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Post image for TED Ed: Alzheimer’s Tutorial

I’m a big fan all things TED-related.  TED talks, videos and tutorials tap into my inner geek.  I’ve got a thirst for knowledge, yet I also want information imparted in a manner I can understand and easily share. Yesterday, I came across a TED Ed animated video from 2014.  Created by Ivan Seah Yu Jun […]

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Post image for Alive Inside, A Documentary About Memory Loss & Music is Nothing Short of Remarkable

Watching the documentary, Alive Inside, I couldn’t help but think: What a simple idea, and why didn’t I think of that? Filmmaker Michael Rossato-Bennett chronicles individuals with memory loss who are revitalized through music. It’s an idea that costs very little but makes a huge difference for people those with Alzheimer’s or other progressive brain […]

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Post image for Alzheimer’s Frustrates Physicians

Alzheimer’s and other progressive diseases of the brain are devastating. They are also profoundly frustrating for those living with the disease, their family and caregivers.  The healthcare professionals who treat those patients are also frustrated. Recently, I came across a New York Times essay by Dr. Danielle Ofri.  “The Silence of Doctors Around Alzheimer’s” focuses […]

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Post image for We’re Living Longer. Is That Good?

Life Expectancy in the U.S. is Rising Americans are living longer.  Life expectancy in the U.S. has risen to 78.8 years for those born in 2012 or after, according to a story in USA Today and other online sources.   Traditionally, women live longer than men and these latest projections are no exception with women’s […]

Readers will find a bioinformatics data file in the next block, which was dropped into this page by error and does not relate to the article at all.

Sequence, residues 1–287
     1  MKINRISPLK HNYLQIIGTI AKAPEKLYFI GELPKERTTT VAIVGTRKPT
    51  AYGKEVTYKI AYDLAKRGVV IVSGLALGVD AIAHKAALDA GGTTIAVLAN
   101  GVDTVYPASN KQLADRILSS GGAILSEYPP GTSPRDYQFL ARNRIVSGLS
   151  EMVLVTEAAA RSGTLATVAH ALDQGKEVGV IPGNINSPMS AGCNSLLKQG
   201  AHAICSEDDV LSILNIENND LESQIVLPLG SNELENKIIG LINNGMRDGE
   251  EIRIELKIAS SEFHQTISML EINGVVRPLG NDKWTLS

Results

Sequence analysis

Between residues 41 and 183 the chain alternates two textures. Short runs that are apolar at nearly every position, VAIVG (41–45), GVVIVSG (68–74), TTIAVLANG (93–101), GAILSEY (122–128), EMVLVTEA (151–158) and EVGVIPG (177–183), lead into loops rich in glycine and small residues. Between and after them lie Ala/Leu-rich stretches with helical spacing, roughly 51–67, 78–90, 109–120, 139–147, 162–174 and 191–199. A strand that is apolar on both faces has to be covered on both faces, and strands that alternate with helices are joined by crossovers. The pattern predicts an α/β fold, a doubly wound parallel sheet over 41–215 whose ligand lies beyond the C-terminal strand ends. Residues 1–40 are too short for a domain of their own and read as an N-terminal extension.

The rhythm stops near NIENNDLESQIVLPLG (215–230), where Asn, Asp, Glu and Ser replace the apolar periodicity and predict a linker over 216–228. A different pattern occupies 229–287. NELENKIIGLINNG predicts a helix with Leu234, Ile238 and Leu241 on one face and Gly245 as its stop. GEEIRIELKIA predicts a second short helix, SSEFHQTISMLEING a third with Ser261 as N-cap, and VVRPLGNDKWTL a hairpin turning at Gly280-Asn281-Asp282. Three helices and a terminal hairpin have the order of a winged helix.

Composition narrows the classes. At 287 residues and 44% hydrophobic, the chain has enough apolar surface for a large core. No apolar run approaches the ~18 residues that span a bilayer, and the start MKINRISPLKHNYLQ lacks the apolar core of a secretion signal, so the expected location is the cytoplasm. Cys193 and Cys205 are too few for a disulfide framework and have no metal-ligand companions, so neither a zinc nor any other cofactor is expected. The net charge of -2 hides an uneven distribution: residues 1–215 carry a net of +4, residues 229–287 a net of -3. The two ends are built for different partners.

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Post image for Alzheimer’s Disease Researchers Identify PART, Primary Age-Related Tauopathy

A scientific team announced late last year it has identified yet another type of neurological disease.  It’s called PART or primary age-related tauopathy.  While PART mimics Alzheimer’s, it follows a significantly different brain pathology. The Alzheimer’s brain shows the classic combination of tangles comprised of a protein called tau and plaques, which are the result […]

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Post image for Alzheimer’s Abuse Caught on Tape in Winter Haven, Florida Nursing Home

Captured on video: Two nursing assistants at Palm Gardens Nursing Home in Winter Haven, Florida repeatedly hitting and abusing a 76-year-old man who is in the latter stages of Alzheimer’s disease.  The man, unable to communicate and requiring help with the most basic of functions is seen being slapped, kicked and taunted during three separate […]

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Post image for A Global Perspective: The Financial Cost of Alzheimer’s and Other Dementias

Yesterday, I wrote about the Third Annual Worldwide Alzheimer’s month.  Now, I’m sharing information about the significant financial devastation for both individuals and nations around the globe. To understand the massive economic consequences of Alzheimer’s disease and other dementias, Alzheimer’s Disease International (ADI) has complied some sobering international figures.  This major report was published in […]

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Post image for Third Annual World Alzheimer’s Month